P07 - Thomas Stamminger

Spatiotemporal control of human cytomegalovirus transcriptional silencing during lytic and latent infection

Human cytomegalovirus (HCMV), a species-specific beta-herpesviruses, persists as a subclinical, lifelong infection in the normal human host. However, under conditions of immature or compromised immune control reactivation from latency frequently causes severe disease. Previous studies demonstrated that the HCMV genome undergoes transcriptional silencing during both lytic and latent infection, which is mediated by cellular heterochromatin building factors. So far, the molecular mechanisms governing the silencing of HCMV gene expression are still incompletely defined. We have shown that a group of cellular restriction factors (PML, Sp100, DAXX, ATRX, SPOC1) associating with parental viral genomes in a spatially and/or temporally regulated manner contribute to transcriptional silencing. In particular, we recently observed that the chromatin-remodeling factor SPOC1 interacts with the HCMV major immediate early promoter correlating with a shutdown of viral gene expression. Since SPOC1 recruits KAP1 and could be detected in association with the Human Silencing Hub (HUSH) complex one major aim of this proposal will be to investigate the contribution of these factors to the control of HCMV transcriptional silencing during both permissive infection and latency. The second objective will be to analyze viral chromatin accessibility and repressor occupancy in a genome-wide manner using novel methods allowing for efficient epigenomic profiling of small samples. The obtained results should help to understand how repressor occupancy dictates viral chromatin states and, consequently, determines the switch between silencing and activation of viral gene expression. This will be complemented by single cell RNA-Seq investigating whether a specific host transcriptional signature is associated with HCMV transcriptional silencing as well as live cell imaging experiments to visualize the silencing of individual HCMV genomes. In collaboration with other projects of the RU we aim at a comparative view of how repressor occupancy dictates distinct viral chromatin states and, consequently, determines the gene expression profile in various DNA viruses.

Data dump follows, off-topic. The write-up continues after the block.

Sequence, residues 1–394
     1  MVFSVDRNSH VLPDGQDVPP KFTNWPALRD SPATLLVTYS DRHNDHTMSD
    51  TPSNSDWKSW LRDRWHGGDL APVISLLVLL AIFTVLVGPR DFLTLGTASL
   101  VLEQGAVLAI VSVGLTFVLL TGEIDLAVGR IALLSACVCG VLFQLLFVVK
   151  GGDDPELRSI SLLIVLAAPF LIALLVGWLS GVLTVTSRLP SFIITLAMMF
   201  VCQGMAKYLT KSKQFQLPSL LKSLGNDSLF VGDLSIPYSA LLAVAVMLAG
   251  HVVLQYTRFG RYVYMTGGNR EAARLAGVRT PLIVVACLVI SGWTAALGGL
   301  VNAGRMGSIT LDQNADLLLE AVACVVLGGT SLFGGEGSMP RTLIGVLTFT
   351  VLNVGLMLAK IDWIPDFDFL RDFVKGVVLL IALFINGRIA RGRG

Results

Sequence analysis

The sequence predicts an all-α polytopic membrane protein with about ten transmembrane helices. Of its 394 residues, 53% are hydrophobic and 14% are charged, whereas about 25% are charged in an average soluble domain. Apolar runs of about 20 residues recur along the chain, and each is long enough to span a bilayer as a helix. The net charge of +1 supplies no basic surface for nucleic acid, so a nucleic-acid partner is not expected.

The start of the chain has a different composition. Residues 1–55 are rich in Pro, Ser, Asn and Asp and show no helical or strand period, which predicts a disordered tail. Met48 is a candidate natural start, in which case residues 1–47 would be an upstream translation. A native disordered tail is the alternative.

To answer these questions we are applying multiple tools including, ATAC-Seq, chromatin immunoprecipitation sequencing (ChIP-Seq, CUT&Tag), RNA-Seq, and single cell RNA-Seq in appropriate infection models.

This broad spectrum of techniques is only possible thanks to the close cooperation within DEEP-DV.